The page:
In terms of the specific ways in which the students thought the course contributed to the development of their IS, the present study revealed an overarching theme: improved IC skills. This was mainly due to the students' enhanced awareness of other cultures and barriers to IC thanks to the IC course. The reciprocal relationship between these is noted by Rader (2018), who observed that intercultural awareness allows for IS by enhancing individuals' understanding of other people's cultures and languages and showing them that these are “important to them in the way ours are to us, and therefore should be respected” (p. 138). However, it is also important for individuals to develop an awareness of their own cultures through reflection. Bennett (2013) warns that the lack of students' mental baseline for their own cultures will cause them to face difficulties in recognizing and managing cultural differences. It causes them to project their values onto others, making them think other people do a certain thing for the same reason they would (Bjerke, 2014). Recent research also found that Emirati students' involvement in reflection helped them learn to respect viewpoints different from theirs and explore diverse cultures and worldviews (Wren, 2021).
With respect to the factors that played a role in improving students' IS, results revealed both in-class and out-of-class factors. The two most common in-class factors were the interview task and the seminars that were part of the course. The interview task enabled students to learn about not only other people's cultures and but also their own cultures. Van Manen (1990) also notes that the interview as a research method serves a variety of purposes including:
to study ways of doing and seeing things peculiar to certain cultures or cultural groups (ethnography); to study the way individuals see themselves and others in certain situations (psychological perceptions); to study the way individuals see themselves and others in certain situations (social opinion); to study the way people feel about certain issues. (p. 66)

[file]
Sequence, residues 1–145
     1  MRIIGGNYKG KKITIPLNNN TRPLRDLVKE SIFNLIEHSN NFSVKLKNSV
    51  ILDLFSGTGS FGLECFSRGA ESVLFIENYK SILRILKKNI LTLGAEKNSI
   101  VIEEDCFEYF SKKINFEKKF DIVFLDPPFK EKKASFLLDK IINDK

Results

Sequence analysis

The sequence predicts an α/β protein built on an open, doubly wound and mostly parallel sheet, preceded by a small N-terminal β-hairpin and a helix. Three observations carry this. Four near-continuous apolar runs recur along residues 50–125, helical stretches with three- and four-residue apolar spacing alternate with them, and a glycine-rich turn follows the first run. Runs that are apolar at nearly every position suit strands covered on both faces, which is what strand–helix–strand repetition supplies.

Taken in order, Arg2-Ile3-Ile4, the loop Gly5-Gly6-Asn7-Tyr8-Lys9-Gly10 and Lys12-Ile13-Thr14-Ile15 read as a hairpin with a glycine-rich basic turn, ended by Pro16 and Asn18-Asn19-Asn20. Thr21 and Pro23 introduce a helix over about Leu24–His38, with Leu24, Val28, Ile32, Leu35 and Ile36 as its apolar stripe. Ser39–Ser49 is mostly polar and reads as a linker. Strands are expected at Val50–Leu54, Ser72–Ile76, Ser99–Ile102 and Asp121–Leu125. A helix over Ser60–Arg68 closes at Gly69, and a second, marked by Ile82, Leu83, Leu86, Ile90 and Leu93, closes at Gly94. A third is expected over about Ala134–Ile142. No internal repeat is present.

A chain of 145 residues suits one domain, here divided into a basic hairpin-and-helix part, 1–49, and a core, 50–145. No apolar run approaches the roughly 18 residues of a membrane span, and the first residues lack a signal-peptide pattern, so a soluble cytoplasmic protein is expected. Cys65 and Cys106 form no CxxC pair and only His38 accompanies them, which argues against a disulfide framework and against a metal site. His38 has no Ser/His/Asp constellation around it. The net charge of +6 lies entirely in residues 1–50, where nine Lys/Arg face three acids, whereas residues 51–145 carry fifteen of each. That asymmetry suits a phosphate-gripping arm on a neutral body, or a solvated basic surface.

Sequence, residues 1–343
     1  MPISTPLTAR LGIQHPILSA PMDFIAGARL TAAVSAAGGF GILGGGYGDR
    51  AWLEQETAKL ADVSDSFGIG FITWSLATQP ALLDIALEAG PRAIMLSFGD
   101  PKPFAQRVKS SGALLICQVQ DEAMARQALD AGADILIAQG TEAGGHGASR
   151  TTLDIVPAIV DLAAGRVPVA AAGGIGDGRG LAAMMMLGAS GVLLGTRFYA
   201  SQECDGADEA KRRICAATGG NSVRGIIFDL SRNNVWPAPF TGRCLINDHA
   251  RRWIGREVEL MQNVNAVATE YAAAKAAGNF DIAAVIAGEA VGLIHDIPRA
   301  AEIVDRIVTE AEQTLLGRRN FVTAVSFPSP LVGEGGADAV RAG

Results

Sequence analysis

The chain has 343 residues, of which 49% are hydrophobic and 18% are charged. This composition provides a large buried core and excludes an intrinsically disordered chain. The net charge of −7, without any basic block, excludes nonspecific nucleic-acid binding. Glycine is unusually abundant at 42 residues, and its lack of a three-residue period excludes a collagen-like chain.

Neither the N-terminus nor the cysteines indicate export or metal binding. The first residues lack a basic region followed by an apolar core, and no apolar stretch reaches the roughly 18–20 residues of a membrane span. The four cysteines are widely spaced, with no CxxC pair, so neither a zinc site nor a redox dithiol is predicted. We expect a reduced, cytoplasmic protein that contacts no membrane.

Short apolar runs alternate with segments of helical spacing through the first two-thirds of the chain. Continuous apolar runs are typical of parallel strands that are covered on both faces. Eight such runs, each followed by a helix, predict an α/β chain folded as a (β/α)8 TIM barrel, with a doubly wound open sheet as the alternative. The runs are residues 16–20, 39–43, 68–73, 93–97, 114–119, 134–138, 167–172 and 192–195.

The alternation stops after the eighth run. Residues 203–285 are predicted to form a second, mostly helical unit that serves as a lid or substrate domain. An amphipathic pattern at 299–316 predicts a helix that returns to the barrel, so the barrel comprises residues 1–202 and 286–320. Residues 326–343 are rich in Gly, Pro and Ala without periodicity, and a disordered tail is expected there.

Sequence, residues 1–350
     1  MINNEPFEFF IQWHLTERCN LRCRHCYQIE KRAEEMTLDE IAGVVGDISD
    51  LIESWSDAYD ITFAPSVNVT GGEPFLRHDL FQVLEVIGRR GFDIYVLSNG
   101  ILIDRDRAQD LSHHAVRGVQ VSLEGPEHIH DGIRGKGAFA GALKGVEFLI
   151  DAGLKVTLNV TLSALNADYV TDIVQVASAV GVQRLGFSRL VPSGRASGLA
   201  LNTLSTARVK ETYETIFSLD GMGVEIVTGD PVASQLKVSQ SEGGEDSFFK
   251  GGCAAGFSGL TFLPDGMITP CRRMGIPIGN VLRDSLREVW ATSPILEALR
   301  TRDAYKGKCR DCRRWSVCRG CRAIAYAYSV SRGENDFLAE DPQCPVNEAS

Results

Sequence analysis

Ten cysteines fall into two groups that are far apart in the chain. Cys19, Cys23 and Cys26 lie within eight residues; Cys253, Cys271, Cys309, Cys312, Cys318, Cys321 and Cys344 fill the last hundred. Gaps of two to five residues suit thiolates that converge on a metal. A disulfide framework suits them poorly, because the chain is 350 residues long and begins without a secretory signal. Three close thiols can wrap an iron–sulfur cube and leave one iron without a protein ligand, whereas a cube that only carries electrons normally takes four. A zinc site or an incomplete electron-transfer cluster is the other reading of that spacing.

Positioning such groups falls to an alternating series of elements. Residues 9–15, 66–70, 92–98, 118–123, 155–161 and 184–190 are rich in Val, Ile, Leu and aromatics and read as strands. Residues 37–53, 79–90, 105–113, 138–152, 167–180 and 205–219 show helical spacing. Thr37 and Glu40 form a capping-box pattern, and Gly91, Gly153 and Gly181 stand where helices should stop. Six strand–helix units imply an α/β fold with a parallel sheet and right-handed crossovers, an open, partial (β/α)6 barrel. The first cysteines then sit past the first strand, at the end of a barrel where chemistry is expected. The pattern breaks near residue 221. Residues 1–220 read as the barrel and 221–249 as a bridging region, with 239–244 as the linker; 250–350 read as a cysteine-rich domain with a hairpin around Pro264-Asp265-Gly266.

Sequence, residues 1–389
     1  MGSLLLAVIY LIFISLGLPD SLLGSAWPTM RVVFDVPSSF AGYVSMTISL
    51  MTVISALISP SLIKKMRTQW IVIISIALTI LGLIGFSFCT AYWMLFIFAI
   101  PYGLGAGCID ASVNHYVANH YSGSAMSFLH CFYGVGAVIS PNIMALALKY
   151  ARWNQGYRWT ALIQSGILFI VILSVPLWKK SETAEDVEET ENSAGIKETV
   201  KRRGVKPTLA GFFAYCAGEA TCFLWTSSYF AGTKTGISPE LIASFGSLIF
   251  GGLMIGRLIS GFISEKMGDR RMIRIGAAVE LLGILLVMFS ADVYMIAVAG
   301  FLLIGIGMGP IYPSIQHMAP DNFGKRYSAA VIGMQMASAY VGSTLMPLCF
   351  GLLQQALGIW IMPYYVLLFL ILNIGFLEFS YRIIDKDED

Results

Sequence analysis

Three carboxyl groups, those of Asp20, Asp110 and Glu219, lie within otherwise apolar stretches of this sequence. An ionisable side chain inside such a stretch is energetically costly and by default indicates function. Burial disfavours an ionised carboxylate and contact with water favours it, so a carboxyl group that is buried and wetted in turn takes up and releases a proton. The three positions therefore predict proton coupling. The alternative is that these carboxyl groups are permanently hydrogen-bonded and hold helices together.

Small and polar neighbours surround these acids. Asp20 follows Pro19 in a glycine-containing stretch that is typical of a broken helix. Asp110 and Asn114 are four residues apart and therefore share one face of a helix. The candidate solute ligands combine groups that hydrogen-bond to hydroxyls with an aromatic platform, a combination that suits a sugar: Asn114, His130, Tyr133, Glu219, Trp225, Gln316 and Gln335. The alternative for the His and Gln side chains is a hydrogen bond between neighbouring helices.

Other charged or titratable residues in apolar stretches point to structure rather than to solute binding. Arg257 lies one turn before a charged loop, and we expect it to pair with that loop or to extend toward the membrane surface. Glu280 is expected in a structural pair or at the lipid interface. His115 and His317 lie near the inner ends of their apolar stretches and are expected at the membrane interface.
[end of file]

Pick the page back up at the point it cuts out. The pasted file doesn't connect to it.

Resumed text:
Conducted outside class hours, this interview task established a link between the class and real life. That is, the students practiced some of the theoretical knowledge they acquired in the course in a real-life situation. This result is similar to earlier research studies which found that the interview experience helped students gain insight into cultures and reduce prejudices and inaccurate views of differences between cultures (Ostermeier, 1992).
The student-led seminars engaged the students in extensive reading and reflection on intercultural concepts and ideas. They allowed students to merge, “academic knowledge” with “experiential learning” (March, 2010 cited in Kolb, 2015, p. xix). As a student-centered teaching/learning practice, the seminars improved our students' IC. They often pointed to their increased awareness of intercultural concepts and skills in interacting with others, a finding in line with previous research in other contexts (e.g. Vande Berg, Quinn, & Menyhart, 2012).
Another experiential learning activity contributing to the development of the students' IS was the group projects. They allowed students to deepen their theoretical knowledge and practice their IC skills. These findings support the literature on the benefits of experiential learning in regards to improving students' higher-order thinking skills (Boss & Krauss, 2014), the ability to apply knowledge in solving problems (Kannan, Mahajan, & Rajkumar, 2016) and interpersonal communication skills (Ayish & Deveci, 2019; Wurdinger & Carlson, 2010).
It was also interesting to note the variety of out-of-class factors, supporting the notion that much of the learning takes place informally outside of class (Coffield, 2000). Because students in formal education settings also engage in informal learning through interaction with peers and media, it is essential that formal and informal learning experiences in and outside the class be supportive of each other (Deveci, 2020). The most common out-of-class factors mentioned by the students in our study were traveling, media and friends. When our students talked about them, they always made a connection between what they had learned in class and how that knowledge and skills helped them in their out-of-class interactions.
We live in a moment of history with an unprecedented amount of interaction and contact between different cultures. Many of the facets of globalization (e.g. media, business, travel, study) point to both the significance of competence in IC and a real-world need for requisite skills and knowledge in this area. A significant aspect of IC is IS and the current study investigated the effects of an undergraduate IC course on Emirati students' IS. Results showed a statistically significant improvement of students' IS based on a number of different in-class and out-of-class factors.